Overall - 85%
Suicide Squad: Kill The Justice League is a great game for a certain type of player, having all the hallmarks of a fantastic single-player cinematic experience. It features a great story, excellent voice acting, beautiful environments, and captivating characters, but it all feels cut short to service this live-service model. I had a lot of fun playing through, and I'll likely dive more into the end-game grind. Still, I still can't help but ask: What if?
Even before launch, Rocksteady Games faced an uphill battle with their latest release. Mainstream gaming media holds little love for the games-as-a-service model, and more recent forays into the DC Universe haven’t exactly ended well. Suicide Squad: Kill The Justice League is a stark contrast from Rocksteady’s trademark gritty Arkham games, a legacy that almost feels condemning at this point.
So, does Suicide Squad: Kill The Justice League stand out in a crowd of games struggling to survive, or is this, as some feared, the downfall of Rocksteady?
Suicide Squad: Kill the Justice League Review
Kill The Justice League’s story follows the traditional superhero trope: There’s an impending world-ending event of biblical proportions that only Earth’s greatest heroes could hope to overcome. Well, that was if the entire Justice League hadn’t been turned into Brainiac’s mind slaves.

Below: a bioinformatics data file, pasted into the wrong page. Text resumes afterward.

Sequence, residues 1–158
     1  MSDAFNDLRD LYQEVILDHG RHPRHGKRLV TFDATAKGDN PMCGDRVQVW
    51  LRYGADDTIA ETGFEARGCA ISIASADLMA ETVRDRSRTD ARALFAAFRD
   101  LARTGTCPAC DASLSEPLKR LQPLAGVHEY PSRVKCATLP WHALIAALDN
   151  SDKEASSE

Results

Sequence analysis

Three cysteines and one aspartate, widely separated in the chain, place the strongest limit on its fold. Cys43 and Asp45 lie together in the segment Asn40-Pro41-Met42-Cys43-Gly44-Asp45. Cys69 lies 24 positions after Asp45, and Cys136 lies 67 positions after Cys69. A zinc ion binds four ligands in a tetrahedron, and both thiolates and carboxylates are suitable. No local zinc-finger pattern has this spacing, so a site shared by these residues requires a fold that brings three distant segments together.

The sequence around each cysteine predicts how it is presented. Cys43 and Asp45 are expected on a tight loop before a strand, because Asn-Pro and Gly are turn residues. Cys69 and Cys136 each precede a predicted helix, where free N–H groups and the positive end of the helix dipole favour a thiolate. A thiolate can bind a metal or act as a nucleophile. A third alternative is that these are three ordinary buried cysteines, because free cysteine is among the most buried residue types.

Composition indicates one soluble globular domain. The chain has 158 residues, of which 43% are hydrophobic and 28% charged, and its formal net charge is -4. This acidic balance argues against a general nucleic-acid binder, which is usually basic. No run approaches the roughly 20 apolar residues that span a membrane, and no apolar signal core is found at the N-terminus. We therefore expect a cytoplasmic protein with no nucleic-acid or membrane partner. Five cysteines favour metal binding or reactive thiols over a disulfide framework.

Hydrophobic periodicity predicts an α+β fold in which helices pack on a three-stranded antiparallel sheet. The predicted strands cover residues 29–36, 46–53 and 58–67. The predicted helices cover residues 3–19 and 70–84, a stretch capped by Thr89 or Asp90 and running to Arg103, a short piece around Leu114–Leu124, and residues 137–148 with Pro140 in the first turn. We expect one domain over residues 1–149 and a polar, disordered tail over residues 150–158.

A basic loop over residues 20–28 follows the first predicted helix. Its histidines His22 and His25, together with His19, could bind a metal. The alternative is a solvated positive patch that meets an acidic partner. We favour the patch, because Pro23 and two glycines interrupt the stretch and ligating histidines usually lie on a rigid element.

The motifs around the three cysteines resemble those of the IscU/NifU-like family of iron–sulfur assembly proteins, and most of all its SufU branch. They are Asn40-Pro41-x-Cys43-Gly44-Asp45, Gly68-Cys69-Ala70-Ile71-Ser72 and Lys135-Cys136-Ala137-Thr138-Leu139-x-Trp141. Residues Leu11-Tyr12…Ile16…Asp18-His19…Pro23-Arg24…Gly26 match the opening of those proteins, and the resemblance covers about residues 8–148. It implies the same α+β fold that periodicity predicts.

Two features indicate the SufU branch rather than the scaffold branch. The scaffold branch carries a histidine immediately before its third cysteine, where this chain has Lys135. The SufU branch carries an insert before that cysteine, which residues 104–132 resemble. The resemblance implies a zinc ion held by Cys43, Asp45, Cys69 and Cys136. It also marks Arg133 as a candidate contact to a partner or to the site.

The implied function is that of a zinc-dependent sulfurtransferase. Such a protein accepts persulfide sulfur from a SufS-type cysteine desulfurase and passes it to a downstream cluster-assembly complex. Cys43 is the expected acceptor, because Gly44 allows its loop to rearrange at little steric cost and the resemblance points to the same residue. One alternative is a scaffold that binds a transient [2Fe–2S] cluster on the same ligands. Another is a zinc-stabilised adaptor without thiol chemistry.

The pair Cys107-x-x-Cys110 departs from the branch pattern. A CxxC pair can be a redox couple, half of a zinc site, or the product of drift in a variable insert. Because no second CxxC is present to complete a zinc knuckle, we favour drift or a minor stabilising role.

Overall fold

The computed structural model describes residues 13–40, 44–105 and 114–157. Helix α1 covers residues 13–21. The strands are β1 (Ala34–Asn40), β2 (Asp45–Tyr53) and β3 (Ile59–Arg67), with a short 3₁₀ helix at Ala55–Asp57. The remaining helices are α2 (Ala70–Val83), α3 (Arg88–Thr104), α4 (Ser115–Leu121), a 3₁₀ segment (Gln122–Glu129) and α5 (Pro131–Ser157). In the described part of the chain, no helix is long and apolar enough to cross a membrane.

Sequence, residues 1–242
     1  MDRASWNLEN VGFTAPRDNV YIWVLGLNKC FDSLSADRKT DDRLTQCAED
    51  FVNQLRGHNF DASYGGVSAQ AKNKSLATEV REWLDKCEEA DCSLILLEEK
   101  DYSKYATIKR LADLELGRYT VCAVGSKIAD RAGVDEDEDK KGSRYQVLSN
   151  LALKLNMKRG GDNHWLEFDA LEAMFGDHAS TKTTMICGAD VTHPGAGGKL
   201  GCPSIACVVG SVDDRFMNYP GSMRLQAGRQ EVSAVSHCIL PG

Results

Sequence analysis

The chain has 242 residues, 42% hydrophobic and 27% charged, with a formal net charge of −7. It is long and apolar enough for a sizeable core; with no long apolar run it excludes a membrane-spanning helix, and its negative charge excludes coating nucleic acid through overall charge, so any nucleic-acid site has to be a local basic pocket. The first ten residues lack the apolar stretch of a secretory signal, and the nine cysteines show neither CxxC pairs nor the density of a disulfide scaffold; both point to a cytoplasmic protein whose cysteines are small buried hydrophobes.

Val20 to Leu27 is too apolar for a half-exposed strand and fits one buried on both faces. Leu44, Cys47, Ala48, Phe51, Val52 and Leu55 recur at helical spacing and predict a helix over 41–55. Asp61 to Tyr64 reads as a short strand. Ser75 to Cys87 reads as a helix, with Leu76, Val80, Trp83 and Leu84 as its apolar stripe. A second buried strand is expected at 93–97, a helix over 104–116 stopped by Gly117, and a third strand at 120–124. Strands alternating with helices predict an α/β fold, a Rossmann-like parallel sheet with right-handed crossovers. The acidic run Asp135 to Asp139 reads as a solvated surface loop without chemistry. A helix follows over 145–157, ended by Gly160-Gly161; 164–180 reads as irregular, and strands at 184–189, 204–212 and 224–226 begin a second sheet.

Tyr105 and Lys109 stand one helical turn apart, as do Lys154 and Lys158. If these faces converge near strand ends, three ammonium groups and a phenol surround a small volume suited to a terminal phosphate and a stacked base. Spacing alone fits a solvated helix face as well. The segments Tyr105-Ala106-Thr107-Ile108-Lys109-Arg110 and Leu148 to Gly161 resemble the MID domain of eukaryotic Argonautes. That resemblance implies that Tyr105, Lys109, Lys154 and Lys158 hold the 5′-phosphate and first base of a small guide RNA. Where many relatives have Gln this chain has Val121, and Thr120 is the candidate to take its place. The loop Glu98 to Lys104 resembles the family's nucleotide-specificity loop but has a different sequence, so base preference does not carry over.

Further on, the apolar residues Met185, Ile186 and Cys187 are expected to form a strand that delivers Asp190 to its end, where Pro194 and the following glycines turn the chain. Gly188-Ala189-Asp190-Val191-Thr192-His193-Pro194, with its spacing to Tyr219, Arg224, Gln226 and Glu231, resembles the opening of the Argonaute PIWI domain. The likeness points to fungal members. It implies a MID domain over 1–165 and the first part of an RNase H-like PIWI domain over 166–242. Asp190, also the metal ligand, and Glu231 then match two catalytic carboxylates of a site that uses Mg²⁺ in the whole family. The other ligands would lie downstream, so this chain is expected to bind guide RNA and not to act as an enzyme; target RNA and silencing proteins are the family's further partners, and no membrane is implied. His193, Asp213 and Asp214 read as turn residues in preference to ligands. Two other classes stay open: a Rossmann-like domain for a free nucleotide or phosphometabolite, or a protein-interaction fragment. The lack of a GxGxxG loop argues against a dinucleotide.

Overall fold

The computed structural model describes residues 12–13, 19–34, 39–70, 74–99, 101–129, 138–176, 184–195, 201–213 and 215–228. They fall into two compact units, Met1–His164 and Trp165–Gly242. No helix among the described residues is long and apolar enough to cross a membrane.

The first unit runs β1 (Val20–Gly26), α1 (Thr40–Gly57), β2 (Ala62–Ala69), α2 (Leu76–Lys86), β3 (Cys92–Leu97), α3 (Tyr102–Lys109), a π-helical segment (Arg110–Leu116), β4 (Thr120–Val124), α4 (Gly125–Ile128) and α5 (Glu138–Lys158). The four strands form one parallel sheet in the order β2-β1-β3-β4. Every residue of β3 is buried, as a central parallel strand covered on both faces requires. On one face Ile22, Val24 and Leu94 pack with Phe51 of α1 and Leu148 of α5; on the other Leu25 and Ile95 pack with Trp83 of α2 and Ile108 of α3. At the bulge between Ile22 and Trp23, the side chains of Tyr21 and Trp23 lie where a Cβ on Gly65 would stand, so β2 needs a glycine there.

Instead of the usual spandex-wearing goody-two-shoes, players take the mantle of the Suicide Squad, a ragtag group of Arkham convicts set loose on Metropolis. This was pulled off by Amanda Waller, who, quite honestly, may just be the greatest villain in the entire DC Multiverse. She’s more terrifying than any of the Suicide Squad; I’d rather go toe-to-toe with Brainiac.
The story follows Harley Quinn, Deadshot, King Shark, and Captain Boomerang, the latter of which has quickly become one of my all-time favorite characters. They all set out to take down the Justice League and destroy the evil Brainiac before he enslaves what’s left of the human population.
It’s a rewarding narrative, one that toes a careful line between routing for the antihero and just flat-out destroying our childhood dreams before our very eyes. Its most impressive feat is the ability to create a bond between the player and members of the Suicide Squad that’s strong enough to endure some of the heinous events of the latter stages of the story, events that could sour the experience for some.
Unlike the humor, which is smashed out of the park in the first 30 minutes. The writing is fantastic, effortlessly blending a rather doomsday-like scenario with quick one-liners and banter between allies, all timed and delivered to near perfection. Some of the game’s funniest moments don’t even require words; the facial animations are some of the very best this industry has to offer. An entire joke can be delivered with the raising of an eyebrow or the rolling of the eyes. Supported by fantastic performances throughout, it left me feeling both fulfilled and empty. As a live-service title, the story was so much better than I was expecting. Despite this, it left me lovesick, wondering how much more we could have had in a more traditional single-player setting.